What’s the Difference Between Osteoarthritis and Rheumatoid Arthritis?
What are the Risk Factors For Osteoarthritis?
- Overweight: increases load through the knee
- Age and gender the older you are
- Gender: women over 50 are more likely to have OA than men over 50
- Trauma: previous injury to the knee, including sports injuries, can lead to OA Knee.
- Repetitive stress injuries: which are usually associated with certain occupations, particularly those that involve kneeling or squatting.
What Are the Most Common Symptoms of Osteoarthritis?
- Limited range of motion
- Crackling sounds
- Buckling or locking of the joint
- Swelling / inflamed joints
How is Knee OA Diagnosed?
What Are My Treatment Options?
We ensure individualised treatment prescription based on your examination findings. This is best current practice (1).
In general, treatment is
Specific targeted exercise to address, strength, agility, coordination to cushion joints, stimulate healthy cartilage and minimise friction.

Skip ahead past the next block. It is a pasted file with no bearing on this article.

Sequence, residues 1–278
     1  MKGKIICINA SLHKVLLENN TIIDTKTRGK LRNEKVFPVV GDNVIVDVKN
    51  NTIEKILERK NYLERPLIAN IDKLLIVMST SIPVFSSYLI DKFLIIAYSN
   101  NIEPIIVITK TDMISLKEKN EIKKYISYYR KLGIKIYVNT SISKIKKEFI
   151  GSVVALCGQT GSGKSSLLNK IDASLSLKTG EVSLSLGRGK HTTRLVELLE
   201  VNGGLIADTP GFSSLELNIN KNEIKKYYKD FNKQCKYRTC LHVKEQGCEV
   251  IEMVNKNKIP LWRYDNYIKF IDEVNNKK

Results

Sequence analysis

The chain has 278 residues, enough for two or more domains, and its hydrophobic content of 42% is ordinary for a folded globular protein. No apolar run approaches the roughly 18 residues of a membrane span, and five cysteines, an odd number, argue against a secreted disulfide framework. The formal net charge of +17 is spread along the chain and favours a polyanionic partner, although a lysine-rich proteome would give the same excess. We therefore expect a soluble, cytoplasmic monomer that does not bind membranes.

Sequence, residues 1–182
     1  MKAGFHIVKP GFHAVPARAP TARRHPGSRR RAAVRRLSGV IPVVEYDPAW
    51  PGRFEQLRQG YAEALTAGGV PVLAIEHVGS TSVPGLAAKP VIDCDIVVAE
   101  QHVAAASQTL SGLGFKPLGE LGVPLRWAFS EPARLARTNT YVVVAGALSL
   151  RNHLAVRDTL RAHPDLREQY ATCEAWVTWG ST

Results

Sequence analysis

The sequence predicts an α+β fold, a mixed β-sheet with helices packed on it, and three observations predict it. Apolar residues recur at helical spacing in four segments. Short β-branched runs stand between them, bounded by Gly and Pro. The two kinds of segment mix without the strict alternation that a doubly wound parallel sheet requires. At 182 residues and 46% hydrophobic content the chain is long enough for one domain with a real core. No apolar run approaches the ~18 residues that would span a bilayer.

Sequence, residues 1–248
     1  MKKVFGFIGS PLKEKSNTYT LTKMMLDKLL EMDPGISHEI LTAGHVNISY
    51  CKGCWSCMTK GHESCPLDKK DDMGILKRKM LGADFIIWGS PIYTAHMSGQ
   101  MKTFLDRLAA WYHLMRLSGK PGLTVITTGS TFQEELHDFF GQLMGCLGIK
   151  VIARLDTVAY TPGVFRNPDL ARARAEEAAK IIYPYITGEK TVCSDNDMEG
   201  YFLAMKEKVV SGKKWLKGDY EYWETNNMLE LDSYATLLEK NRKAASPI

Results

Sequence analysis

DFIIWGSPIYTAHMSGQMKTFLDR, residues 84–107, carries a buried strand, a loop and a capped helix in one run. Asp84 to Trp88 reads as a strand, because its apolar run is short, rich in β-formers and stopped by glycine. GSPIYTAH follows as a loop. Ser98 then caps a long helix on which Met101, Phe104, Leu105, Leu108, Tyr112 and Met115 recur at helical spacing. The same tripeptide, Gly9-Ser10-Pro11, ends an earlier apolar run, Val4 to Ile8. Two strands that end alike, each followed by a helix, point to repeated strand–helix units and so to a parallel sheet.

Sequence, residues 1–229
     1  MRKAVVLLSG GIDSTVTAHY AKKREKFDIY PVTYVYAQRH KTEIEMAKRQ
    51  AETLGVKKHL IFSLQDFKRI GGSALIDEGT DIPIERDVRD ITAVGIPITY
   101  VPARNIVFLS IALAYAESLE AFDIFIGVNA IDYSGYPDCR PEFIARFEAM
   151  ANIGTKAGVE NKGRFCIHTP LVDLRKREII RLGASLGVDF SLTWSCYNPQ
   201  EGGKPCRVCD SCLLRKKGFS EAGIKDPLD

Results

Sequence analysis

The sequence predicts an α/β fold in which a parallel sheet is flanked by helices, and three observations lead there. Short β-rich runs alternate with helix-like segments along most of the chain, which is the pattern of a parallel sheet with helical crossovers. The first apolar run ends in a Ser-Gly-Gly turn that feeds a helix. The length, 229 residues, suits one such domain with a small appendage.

Also included is:
- Health and behaviour modifications, such as patient education, physiotherapy, exercise, weight loss, and bracing.
- Physiotherapy is aimed towards strengthening muscles around the joint and participating in a low impact graded cardiovascular exercise program.
- Treatment options also include medication for pain relief such as anti-inflammatories or Panadol.
- Corticosteroid injections are also an option.
- Platelet Rich Plasma injections are becoming more common place with good outcomes in the short term. The longer-term benefits are still being investigated by researchers.
What If Non-Surgical Treatment Doesn’t Work for Me?
When quality of life and makes daily activities difficult to perform then a joint replacement maybe recommended whereby the knee joint is replaced with an artificial prosthesis. This surgical procedure has been shown to reduce pain, enhance quality of life, and improve your ability to perform everyday activities with fewer or no restrictions.
- Curr Opin Rheumatol. 2018 Mar;30(2):151-159